Currently Illustrator ships with a whole bunch of different presets. Choosing between these presets let you really choose different options for how that trace should look. By default, Illustrator uses something called Simple Trace. Simple Trace just turns your image using black and white. However, you may decide that you want this to be traced using colors. How many colors, let's choose this one here called Color 6. This now traces your image using up to 6 colors. Illustrator actually analyzes the images first to determine which colors are used in the file, and then it goes ahead and adjusts that color accordingly.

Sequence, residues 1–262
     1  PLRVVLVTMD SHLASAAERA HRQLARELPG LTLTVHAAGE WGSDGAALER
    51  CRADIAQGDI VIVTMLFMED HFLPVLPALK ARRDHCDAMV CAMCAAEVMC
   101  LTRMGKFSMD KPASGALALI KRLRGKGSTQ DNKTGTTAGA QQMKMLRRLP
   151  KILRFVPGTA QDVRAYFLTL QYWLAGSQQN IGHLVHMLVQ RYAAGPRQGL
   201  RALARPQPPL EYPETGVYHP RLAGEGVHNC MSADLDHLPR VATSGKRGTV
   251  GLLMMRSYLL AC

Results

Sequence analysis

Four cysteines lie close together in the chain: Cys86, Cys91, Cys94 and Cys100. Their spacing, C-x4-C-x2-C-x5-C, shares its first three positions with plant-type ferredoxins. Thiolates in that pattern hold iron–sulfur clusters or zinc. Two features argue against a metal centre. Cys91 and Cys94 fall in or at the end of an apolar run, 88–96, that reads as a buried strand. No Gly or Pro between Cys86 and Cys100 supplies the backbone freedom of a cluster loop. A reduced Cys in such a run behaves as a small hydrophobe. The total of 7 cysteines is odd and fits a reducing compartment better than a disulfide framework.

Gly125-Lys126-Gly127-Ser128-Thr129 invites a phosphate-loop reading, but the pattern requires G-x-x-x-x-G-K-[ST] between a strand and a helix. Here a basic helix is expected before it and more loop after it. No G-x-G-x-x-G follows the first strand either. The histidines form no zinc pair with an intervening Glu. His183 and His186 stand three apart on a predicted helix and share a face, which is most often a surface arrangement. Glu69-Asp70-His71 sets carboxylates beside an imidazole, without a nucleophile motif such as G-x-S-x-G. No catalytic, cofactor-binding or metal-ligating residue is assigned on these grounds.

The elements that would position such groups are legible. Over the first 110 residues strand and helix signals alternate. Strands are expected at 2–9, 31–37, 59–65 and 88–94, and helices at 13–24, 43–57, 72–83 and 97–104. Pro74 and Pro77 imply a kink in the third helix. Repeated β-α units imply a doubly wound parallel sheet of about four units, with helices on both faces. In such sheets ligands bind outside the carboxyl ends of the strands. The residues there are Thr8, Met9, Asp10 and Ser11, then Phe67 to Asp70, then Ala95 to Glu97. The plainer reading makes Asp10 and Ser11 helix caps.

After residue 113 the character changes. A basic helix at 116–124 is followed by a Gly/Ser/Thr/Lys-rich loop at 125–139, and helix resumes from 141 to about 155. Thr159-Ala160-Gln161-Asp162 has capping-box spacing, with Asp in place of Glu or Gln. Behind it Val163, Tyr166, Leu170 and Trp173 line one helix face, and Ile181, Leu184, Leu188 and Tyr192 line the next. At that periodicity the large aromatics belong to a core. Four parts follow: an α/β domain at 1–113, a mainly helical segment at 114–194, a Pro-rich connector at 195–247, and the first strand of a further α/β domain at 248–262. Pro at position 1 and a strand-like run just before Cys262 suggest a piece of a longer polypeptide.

For more detail, I could use more colors. I'll choose now Color 16 for example and that will give me an image that looks even more closer to the original of the photograph. In fact, there's a setting here called Photo High Fidelity. If I choose that option, Illustrator will try to create as many paths as possible with as many colors to make it look as close to the original photograph as it can. Now even though this may look like a photograph, if I zoom in really closer, you can see that this is all made up of vector art. Let me zoom out for a second here, I'll warn you though that if you expand this, you will get a whole lot of anchor points over here. So this could be very complex, fun, could take some time to print out.